An alternative access method for the same information available from the CNI-ANNOUNCE listserv.
In the latest CNI Conversations podcast (http://wp.me/p1LncT-26o), recorded Feb. 28, CNI Director Clifford Lynch and Associate Director Joan Lippincott report on various recent conferences & reports, including the American Association for the Advancement of Science (AAAS) 2012 meeting, the recent Personal Digital Archiving meeting, and the EDUCAUSE Learning Initiative (ELI) conference, as well as much more.
For the latest news & information:
CNI News: http://www.cni.org/news/
Follow CNI: @cni_org
The DataRes Project is organizing this focus group, which will take place at the end of the CNI spring meeting. Please see below to express interest in attending.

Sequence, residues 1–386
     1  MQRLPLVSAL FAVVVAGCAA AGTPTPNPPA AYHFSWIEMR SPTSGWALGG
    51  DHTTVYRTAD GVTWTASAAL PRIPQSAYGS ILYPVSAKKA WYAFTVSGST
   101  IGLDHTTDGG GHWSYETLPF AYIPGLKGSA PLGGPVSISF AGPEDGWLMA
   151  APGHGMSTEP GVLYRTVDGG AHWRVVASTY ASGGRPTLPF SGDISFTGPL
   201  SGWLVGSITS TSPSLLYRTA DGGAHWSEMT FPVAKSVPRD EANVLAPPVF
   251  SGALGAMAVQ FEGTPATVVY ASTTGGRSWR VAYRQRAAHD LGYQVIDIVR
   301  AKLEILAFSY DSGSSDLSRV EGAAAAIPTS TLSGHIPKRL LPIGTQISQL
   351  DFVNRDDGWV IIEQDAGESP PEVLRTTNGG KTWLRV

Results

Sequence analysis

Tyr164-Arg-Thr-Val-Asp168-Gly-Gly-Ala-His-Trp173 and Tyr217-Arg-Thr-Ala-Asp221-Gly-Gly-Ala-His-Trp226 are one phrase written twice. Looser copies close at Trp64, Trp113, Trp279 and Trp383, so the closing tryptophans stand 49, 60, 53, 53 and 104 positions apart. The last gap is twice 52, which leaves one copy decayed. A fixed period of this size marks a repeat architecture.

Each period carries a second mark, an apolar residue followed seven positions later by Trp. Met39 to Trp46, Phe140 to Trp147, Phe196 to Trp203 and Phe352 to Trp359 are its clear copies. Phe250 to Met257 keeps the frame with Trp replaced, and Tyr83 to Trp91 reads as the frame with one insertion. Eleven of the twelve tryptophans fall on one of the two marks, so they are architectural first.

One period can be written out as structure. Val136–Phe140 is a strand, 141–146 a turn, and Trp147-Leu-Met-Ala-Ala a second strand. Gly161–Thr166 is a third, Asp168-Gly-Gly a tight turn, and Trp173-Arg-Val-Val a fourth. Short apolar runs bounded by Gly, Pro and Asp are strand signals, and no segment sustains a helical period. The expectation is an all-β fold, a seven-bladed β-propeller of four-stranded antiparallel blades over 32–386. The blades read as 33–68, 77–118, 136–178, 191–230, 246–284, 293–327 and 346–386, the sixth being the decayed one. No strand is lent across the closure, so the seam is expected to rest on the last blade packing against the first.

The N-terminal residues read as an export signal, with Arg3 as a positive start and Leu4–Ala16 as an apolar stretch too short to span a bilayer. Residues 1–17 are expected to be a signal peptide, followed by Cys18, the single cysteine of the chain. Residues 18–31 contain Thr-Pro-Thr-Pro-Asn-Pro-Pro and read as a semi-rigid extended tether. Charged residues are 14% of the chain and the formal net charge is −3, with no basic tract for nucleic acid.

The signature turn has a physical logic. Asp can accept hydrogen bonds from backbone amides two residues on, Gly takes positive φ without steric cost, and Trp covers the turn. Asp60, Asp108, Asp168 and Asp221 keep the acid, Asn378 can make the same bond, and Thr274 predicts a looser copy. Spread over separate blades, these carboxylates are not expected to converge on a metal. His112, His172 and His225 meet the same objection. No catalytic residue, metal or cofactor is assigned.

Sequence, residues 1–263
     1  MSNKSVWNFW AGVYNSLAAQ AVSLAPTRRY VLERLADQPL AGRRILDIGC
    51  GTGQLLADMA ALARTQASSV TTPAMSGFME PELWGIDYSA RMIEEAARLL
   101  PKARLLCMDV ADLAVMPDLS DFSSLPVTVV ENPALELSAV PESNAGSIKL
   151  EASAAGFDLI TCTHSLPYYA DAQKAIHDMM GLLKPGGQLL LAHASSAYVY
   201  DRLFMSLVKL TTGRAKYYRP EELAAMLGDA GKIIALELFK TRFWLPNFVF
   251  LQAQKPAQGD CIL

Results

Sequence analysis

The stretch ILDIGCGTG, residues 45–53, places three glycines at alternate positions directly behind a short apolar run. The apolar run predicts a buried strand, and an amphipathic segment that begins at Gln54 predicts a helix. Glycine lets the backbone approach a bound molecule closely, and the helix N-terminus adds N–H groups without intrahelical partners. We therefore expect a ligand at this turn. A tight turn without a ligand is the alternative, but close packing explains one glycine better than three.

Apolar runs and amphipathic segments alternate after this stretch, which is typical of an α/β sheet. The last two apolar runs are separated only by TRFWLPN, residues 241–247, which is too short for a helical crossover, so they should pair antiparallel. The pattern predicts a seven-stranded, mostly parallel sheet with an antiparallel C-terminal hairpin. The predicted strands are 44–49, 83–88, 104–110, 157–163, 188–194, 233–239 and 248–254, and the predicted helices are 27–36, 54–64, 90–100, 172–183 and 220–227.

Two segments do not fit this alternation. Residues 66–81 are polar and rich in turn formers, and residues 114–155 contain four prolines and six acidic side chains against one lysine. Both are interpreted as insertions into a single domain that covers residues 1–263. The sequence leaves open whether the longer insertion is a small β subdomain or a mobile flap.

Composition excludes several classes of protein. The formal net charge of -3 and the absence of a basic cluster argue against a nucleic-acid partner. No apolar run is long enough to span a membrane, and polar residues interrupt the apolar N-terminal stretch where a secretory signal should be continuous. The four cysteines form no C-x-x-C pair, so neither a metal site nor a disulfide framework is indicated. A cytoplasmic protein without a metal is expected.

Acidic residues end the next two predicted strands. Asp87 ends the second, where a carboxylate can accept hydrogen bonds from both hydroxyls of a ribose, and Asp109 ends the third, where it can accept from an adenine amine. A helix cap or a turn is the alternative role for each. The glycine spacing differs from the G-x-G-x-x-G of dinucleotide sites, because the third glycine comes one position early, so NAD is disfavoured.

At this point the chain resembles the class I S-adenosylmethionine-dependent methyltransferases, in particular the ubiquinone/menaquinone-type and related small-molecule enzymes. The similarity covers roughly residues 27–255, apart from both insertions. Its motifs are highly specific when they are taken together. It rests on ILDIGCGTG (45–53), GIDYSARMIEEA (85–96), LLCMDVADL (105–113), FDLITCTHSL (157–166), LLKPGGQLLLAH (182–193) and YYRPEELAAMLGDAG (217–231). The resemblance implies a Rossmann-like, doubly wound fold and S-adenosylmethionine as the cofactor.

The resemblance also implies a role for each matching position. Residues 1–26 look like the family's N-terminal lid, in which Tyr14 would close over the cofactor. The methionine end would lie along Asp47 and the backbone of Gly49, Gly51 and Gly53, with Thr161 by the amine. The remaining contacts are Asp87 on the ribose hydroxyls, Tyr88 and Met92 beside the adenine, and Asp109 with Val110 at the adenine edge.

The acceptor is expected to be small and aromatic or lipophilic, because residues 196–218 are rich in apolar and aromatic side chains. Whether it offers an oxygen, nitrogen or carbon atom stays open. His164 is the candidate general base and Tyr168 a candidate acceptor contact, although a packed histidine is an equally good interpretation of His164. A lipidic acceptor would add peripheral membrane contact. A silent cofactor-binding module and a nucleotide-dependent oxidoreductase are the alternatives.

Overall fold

— Joan Lippincott
Call for Participation: Data Management Focus Groups, Jan. 20th during the CNI Membership Meeting
Data Management Focus Group
Tuesday, April 3, 2012 from 4:00 – 5:00
Severn I, Sheraton Inner Harbor Hotel
CNI Membership Meeting, Baltimore, Maryland
Several Federal funding agencies now require data management plans in grant applications, creating a range of opportunities and challenges for researchers, libraries, and repositories as they respond to these mandates. We are seeking the input of a wide variety of stakeholders in the research community about the role of university libraries in supporting the data management needs of researchers.
Your participation will help shape recommendations for the future of data management in research libraries.
This 60-minute focus group will be held in the Severn I Room of the Sheraton Inner Harbor Hotel at the next CNI Membership Meeting.
If you can attend, please RSVP via email to firstname.lastname@example.org or call 940-369-5331.